Monday, January 3, 2011

Tolkien's Influence in Pictures

If the Internet is to be believed, I am not only the guy who hates thieves but also the guy who believes J.R.R. Tolkien exercised no influence over the conception and development of Dungeons & Dragons. That's why I've decided to commemorate the Professor's 119th birthday by looking briefly at the ways that Tolkien's conceptions have forever altered our notions of fantasy, not just within the narrow confines of the hobby but in the world outside it. And even though I continue to hold that, thematically, Tolkien's world has very little in common with D&D, there's also no question in my mind that D&D as it exists today would have been impossible without the prior existence of Middle-earth.

Rather than blather on at length about this topic, I thought a few pictures might make my point far better than anything I could write here.

Before The Hobbit and The Lord of the Rings, these fine fellows were probably the most popular conception of dwarves in a fantasy context. Heck, before Tolkien, the plural "dwarves" wasn't generally used in English, as witnessed by title Disney chose for his film, Snow White and the Seven Dwarfs. Opera aficionados might well have been familiar with Nordic dwarves through Wagner but they're nearly all portrayed as evil, grasping semi-monsters rather than serious and honorable (if still avaricious) craftsmen that D&D and wider fantasy have adopted as their own.

Even more dramatic a shift is clear when you look at popular conceptions of elves. Before Tolkien, elves were generally portrayed as diminutive and vaguely comical (or, more rarely, sinister). The tall, noble firstborn of the world have their roots in Norse legend, but, until Tolkien, that conception was definitely a minority one. Now, outside of Santa's workshop, it's nearly impossible to find an "elf" who doesn't look like one of Legolas's kin.

And, of course, these fellows didn't exist at all until Tolkien. They -- and their knock-offs -- are now everywhere.

Certainly, there were lots of "goblins" lurking in the popular imagination before Tolkien, but "orcs" did not. Likewise, the notion of their being a vast horde forged in service to a Dark Lord is nowadays a staple of fantasy literature (and gaming), but it's of relatively recent vintage and, once more, Tolkien is perhaps its most influential source.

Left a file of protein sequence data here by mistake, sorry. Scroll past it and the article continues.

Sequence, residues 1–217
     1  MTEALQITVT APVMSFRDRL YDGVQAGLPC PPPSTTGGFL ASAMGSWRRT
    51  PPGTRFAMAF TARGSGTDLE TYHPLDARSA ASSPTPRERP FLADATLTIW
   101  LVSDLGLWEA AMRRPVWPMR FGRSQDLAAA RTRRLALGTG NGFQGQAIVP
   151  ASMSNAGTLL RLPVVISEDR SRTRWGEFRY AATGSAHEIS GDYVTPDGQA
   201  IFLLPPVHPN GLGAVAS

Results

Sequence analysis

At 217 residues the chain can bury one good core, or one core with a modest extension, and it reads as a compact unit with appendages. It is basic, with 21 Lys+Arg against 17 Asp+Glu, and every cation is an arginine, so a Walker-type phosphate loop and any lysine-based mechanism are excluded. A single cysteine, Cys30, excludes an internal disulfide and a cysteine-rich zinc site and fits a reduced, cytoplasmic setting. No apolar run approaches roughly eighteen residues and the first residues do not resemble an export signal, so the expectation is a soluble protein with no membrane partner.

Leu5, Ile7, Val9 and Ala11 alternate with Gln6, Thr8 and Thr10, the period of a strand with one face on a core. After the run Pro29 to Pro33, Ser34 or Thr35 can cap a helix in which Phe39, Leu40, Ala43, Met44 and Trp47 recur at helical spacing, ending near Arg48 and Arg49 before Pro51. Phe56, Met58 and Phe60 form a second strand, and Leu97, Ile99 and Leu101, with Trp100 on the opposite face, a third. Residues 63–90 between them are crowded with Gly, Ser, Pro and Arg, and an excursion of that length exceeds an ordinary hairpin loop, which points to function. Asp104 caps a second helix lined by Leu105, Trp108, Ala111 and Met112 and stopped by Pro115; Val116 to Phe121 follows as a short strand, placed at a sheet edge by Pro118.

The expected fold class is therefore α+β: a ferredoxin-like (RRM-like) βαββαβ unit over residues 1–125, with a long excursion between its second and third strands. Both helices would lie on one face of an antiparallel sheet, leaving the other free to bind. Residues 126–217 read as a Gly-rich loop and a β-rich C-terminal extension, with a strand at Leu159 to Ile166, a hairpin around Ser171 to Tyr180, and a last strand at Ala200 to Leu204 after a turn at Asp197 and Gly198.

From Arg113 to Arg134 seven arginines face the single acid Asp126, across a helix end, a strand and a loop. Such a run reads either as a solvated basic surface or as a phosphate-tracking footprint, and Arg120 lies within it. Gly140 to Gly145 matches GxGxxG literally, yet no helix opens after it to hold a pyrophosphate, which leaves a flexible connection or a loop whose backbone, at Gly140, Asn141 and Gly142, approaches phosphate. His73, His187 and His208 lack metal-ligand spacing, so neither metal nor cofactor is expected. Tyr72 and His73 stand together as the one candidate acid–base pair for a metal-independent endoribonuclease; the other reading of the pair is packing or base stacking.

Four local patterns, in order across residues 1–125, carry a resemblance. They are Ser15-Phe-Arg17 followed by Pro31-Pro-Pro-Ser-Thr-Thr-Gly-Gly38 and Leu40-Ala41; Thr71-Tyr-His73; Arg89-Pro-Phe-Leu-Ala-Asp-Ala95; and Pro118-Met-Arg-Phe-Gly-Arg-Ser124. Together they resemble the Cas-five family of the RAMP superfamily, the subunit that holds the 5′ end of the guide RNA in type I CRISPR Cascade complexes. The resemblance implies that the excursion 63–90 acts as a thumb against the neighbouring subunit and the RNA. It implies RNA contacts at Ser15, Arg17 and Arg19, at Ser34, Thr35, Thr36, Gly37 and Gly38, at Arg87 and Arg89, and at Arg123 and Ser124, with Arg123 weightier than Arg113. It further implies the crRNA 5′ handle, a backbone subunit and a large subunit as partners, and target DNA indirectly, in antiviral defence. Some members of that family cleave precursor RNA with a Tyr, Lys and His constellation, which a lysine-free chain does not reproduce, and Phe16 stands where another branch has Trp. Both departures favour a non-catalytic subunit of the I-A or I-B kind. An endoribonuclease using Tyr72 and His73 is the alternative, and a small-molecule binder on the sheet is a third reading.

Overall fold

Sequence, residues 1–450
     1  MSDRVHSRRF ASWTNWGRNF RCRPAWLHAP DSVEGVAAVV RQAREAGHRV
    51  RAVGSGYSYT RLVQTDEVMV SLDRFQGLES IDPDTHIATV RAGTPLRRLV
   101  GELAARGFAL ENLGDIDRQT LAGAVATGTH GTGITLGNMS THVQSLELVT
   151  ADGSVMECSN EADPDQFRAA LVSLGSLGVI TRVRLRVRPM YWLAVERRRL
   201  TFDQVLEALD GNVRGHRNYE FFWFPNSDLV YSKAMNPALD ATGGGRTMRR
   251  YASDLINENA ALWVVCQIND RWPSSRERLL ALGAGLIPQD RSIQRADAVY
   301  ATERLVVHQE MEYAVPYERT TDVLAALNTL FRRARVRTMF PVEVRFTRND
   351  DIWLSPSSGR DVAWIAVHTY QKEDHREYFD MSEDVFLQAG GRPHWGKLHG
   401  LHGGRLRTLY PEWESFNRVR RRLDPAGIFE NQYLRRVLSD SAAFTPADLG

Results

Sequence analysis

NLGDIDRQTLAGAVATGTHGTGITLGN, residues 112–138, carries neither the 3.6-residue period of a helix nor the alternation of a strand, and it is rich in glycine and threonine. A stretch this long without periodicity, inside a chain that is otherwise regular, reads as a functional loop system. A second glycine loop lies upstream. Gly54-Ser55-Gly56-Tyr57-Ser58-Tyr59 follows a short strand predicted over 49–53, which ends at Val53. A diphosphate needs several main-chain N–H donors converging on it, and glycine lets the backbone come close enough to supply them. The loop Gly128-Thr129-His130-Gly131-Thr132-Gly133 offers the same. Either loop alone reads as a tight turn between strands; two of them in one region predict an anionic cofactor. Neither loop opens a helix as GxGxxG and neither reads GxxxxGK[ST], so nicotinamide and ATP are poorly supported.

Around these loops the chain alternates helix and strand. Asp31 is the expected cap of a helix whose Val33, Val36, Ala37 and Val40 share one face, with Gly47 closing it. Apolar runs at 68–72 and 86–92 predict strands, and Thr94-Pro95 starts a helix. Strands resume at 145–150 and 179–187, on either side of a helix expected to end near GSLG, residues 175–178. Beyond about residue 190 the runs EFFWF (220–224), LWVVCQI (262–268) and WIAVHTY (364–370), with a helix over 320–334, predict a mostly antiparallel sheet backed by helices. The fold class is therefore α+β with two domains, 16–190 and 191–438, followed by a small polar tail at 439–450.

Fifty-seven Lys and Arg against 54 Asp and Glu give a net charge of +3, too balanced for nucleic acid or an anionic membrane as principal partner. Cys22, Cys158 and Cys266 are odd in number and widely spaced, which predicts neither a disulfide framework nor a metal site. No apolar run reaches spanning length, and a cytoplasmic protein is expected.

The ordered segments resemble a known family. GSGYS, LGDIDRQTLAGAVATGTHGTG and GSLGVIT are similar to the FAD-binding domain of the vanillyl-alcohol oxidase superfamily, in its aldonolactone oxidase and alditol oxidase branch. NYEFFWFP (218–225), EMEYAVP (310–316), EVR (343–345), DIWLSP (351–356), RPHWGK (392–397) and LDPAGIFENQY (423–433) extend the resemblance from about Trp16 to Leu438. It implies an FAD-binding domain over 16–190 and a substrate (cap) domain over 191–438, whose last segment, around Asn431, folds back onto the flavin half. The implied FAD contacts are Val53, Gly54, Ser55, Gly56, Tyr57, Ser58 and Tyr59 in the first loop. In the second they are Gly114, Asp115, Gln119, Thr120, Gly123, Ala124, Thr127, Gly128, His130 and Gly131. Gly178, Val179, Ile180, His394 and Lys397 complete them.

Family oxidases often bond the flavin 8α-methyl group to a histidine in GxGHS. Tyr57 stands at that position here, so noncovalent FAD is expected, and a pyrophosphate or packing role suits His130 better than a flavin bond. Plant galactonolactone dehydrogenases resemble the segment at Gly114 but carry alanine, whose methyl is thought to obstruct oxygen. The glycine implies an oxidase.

I could go on and on illustrating how many fantasy tropes have their origins in Middle-earth, but I hope my point is made simply by selecting four relatively straightforward examples. It might be an exaggeration to say that J.R.R. Tolkien singlehandedly invented modern fantasy, but he is certainly one of its main progenitors, particularly when it comes to the "furniture" of the genre. Tolkien's peoples and creatures have had a profound impact on the imaginations of nearly everyone who's worked in fantasy since the 1960s. It's safe to say that, without him, fantasy would have been a very different thing than what it became. In that sense, we're all in Tolkien's debt and ought to lift a glass in his honor on this day of his birth.

30 comments:

  1. I think "furniture" is an apt way to describe it.

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  2. I agree with this assessment.

    I also think in today's market, D&D's amalgamation of various fantasy tropes (including Tolkien's) had such an influence on the culture than the core D&D values from the 1970s and 1980s influenced so many other games, comics, and computer games, that these tropes have supplanted Tolkien as a primary source for how we view fantasy races.

    Popular Culture has an impact on how we see things. Over the course of last month, I saw some historical documents about Santa Claus and it's interesting how certain images influenced them. Until Coca-Cola started having artists Draw Santa, a lot of interpretations of Santa was as a small, elf or gnome-like figure.

    I think the only problem with tropes is how it can be hard to break out of them..

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  3. I agree with your assessment on Tolkien and fantasy D&D. You did a great and simple summation.

    However I do believe Peter Jackson and his movies will be the default "Tolkien" fantasy inspiration. Along with the Harry Potter franchise and various video games.

    In general I believe the inspiration for fantasy will now come from visual media and written works will play less and less a role. Which is ironic considering now much more literary fantasy is available in bookstores today compared to the 70s-80s.

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  4. I wish I could recall the source, but I once heard Tolkien and fantasy compared to Mount Fuji and Japanese art. To paraphrase, "It's always the subject or in the background. Sometimes you can't see it at all. That's because you're standing on it."

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  5. Chris, that's an interesting quote since I seem to remember reading some place that Tolkien was partial to Japanese art prints.. I believe this was in Carpenter's Biography..